Fred Campos of FunCitySocialMedia assures me it takes about 100 posts before you begin to build a following for your blog. In his experience, the average blogger becomes discouraged and gives up long before their 100th post. While I have been unable to find any authoritative source to support Fred, Powell’s experience certainly seems to support him. So does mine.

I posted my first entry on http://www.CFOAmerica.biz December 31, 2010. As of today, I have made 89 entries to my blog, 76 of which have been extracts from my book Highly Visible Marketing – 115 Low-cost Ways to Avoid Market Obscurity. I received my first comment on January 9. It was in response to the December 31 post. At that moment, I knew exactly how Sally Fields felt as she walked up to accept her 1979 Oscar for Norma Rea screaming, “You like me! You Like me!”

Since then, I have received 82 other comments, an average of slightly less than 1 every other day. But I’ve noticed several interesting trends lurking just below the surface of the raw data. First, comments do not come evenly. Far from it! I’ve had two days, both in June, when I’ve received over 20 comments in a single day. In between, there have been weeks of deafening, ego-shattering silence.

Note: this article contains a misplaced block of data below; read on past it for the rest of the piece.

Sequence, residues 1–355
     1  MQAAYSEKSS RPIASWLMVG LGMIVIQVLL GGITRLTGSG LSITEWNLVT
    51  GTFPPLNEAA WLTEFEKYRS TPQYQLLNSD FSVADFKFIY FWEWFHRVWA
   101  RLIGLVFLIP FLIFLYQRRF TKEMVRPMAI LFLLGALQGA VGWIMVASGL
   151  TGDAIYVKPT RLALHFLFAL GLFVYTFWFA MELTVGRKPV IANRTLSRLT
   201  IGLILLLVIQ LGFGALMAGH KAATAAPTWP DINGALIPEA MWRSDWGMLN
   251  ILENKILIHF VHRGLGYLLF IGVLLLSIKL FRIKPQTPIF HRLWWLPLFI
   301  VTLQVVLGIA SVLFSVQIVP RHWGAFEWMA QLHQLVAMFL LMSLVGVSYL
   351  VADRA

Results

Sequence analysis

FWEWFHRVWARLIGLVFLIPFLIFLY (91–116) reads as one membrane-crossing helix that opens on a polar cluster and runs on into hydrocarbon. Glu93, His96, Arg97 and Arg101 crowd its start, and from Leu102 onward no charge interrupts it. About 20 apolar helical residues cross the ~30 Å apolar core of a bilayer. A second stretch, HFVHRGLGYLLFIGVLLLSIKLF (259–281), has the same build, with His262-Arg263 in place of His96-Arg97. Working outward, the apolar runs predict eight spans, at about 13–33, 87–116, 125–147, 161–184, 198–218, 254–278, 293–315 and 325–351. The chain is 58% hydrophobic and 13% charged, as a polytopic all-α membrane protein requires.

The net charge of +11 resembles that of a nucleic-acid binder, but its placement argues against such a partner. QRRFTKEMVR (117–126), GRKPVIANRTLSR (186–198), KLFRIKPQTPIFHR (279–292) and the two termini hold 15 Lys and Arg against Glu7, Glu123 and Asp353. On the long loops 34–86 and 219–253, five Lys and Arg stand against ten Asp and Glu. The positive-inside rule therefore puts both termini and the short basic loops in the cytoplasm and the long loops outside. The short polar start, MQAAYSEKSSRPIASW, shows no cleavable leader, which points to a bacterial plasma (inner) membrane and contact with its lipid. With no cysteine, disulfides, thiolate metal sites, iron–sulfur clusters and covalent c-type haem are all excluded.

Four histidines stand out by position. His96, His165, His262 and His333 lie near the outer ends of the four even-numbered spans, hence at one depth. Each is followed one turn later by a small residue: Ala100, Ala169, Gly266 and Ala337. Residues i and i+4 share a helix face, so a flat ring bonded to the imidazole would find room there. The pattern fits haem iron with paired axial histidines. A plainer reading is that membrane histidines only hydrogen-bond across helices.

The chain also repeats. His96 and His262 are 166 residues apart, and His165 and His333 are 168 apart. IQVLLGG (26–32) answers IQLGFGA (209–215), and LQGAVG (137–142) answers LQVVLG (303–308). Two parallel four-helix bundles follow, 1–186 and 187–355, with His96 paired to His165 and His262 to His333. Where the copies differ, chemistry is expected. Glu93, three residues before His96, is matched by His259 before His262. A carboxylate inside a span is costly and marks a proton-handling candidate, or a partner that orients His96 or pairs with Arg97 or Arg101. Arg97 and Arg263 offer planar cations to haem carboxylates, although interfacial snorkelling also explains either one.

Secondly, we lose sight of the fact that once launched into cyberspace, blog posts are “out there” forever. I am often surprised to see comments on blog entries posted weeks early. For example, just yesterday I received a comment on something I wrote on February 28, seventeen weeks ago.

So let me end with three final comments:

  1. First, falling trees always make noise, even if no one hears them. They are too powerful a force of nature to do otherwise.
  2. Therefore, STAY THE COURSE! If you believe in your message, then believe that people will benefit when (not if) they read it. Don’t give up when success might be just around the next bend in the road.
  3. Last and most important, to everyone who has been kind enough to share their thoughts and encouragement through comments on CFO America’s blog over the past six months, THANK YOU! Please continue to support us through your comments and by sharing our content with your friends and associates.

Have a safe and joyous Fourth of July holiday, as we celebrate our great nation’s independence from the tyranny of that was the crown. I am going to take the day off, but I’ll be back bright and early on Wednesday, July 6.